Joan – TACT Foster Carer since 2012
London and the South East
At 74 years of age I am proud to say that I am a foster carer and I love it.
I started fostering in my 40’s with my then local authority before moving on to TACT. A good friend of mine who was a foster carer at the time became ill, and wasn’t able to take care of her two foster daughters for a while, so I left my home and moved into the friend’s house to help look after these children. The girls and I got along really well and to this day we keep in touch. This experience inspired me to consider fostering myself. I pitched the idea to my then partner who agreed and it started from there.
Even now that I am in my 70’s, I would still recommend fostering to anyone with good health and energy.
My first placement was a brother and sister who came into care due to their mother’s health issues. What started as a short-term placement lasted almost a year. I treasure many lovely memories from that time, like going sightseeing and playing cricket on weekends. Even though my birth son was already grown up and living independently, he was always there for the children and enjoyed taking them out. The children left to live with their mother, but to this day we are in touch, especially with the girl, who visits my house regularly together with her two sons.
Many things have happened over the years since then. I became a single foster carer and I started fostering with TACT, a fostering and adoption charity. Being a charity means they don’t profit from the care of children, so all income helps not only children but foster carers as well. TACT social workers are always there to help. Of course, they have a professional role to play, but they are also caring and understanding at all times.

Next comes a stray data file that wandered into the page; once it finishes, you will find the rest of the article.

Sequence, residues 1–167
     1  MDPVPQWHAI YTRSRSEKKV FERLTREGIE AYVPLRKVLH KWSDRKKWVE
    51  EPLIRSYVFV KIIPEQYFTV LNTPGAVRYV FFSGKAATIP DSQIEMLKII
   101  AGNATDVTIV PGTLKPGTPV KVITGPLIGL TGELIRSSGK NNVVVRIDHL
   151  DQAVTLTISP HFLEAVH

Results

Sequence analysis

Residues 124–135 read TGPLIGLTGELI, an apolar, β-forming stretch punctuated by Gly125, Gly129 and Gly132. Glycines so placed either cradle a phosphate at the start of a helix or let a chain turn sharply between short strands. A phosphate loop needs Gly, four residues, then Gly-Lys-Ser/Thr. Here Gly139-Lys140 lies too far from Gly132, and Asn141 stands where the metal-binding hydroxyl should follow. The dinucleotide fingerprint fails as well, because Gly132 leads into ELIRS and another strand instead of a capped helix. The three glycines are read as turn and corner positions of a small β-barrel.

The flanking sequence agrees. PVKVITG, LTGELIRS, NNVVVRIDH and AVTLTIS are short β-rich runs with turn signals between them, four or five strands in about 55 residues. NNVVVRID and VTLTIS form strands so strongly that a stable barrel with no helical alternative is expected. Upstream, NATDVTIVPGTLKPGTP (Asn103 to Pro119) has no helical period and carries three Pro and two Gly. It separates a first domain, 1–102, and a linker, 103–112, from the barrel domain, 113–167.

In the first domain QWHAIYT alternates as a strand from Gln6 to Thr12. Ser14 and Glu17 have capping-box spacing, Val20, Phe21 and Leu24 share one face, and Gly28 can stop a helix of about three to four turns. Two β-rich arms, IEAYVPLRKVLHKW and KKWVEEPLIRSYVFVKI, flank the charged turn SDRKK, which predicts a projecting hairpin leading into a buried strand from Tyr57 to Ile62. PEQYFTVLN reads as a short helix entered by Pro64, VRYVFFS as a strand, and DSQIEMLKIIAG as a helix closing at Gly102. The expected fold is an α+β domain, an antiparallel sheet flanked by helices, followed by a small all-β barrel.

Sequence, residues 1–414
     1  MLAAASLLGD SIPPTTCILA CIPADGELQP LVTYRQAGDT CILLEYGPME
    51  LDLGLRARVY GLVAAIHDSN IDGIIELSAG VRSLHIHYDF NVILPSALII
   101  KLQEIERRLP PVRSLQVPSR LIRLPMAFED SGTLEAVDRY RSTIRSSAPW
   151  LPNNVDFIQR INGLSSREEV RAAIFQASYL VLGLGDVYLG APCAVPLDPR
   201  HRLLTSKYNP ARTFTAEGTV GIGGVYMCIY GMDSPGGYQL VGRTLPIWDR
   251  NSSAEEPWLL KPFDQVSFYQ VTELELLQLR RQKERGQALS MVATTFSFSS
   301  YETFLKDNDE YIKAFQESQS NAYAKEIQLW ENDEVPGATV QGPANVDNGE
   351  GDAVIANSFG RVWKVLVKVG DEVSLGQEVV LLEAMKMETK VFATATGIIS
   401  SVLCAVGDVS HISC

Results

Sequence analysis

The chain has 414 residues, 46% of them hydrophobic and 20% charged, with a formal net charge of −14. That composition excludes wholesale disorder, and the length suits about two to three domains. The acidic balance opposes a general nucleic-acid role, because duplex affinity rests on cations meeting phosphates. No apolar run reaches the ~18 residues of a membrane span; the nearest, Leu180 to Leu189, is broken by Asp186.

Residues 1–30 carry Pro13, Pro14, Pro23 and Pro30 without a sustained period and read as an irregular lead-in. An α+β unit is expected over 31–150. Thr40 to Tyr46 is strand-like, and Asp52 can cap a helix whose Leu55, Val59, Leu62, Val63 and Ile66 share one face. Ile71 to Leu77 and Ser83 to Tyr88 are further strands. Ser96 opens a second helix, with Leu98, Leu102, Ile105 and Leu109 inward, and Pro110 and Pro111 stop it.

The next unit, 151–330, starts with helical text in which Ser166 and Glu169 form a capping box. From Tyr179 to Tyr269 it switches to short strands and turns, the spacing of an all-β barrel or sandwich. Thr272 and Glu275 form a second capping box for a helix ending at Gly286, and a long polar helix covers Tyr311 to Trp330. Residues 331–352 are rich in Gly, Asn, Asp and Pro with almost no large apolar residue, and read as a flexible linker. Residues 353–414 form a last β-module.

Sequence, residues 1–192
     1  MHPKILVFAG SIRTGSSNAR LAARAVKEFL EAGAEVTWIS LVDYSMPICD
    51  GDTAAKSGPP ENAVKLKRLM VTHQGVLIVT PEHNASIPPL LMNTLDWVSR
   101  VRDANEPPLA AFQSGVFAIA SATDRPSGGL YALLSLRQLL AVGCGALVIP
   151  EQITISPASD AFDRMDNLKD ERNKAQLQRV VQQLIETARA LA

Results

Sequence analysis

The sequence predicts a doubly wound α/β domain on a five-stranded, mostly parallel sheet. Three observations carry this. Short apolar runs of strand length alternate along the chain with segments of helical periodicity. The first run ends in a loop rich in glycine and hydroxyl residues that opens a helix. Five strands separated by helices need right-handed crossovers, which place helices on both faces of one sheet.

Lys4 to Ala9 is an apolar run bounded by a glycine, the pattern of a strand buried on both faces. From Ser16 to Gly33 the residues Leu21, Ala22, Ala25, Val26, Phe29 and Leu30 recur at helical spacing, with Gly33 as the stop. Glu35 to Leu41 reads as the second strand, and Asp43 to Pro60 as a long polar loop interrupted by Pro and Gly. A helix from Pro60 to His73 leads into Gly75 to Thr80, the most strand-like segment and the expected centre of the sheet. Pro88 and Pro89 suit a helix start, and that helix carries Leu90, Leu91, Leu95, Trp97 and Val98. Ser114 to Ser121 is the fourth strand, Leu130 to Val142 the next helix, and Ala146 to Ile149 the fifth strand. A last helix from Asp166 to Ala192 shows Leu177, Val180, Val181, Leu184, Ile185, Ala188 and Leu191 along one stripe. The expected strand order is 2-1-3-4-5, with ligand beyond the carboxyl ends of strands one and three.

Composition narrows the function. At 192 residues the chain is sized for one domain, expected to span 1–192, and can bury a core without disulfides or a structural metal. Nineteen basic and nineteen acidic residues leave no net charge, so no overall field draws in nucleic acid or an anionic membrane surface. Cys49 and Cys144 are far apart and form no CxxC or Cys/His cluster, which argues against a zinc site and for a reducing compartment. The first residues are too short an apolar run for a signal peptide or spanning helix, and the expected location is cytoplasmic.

I have cared for over 18 children and ended up adopting three of them in one go – two siblings and a little boy. My adopted children are now adults living their happy lives. One of them is currently travelling around Asia, another one became a mortgage adviser after graduating from Wales University and the girl is a mum of two boys. My adoptive son also has a baby girl and recently said to me: “Mum, I am going to install all the things that you have taught me into my child because she is the most precious thing to me.”
In addition, I have had several short-term and long-term placements. The first thing I do when children come to live with me is make them a home cooked meal, which always helps them to settle in quickly. My last placement was a young lady who is starting her first year at Canterbury University this September. She was with me for almost six years and even though she is officially no longer in my care, my house will always be a home to her. She will come home during her breaks and in the meantime, we video chat regularly. I am currently open to a short-term placement. However, this has proven to be tricky as my short-term placements usually end up to be long-term.
Fostering requires a lot of patience. Children come from various backgrounds with different experiences which are not always positive and can sometimes cause difficulties. I try to help them understand that a bad start in life doesn’t mean they can’t have a bright future. I tell them that life isn’t given to us on a plate and that we have to work towards our achievements. Some people, including my birth son say I have a soft heart, but I believe in giving people chances. The best thing you can do for anyone is to show them that you care and you value them as a person. You can’t go too far wrong from there.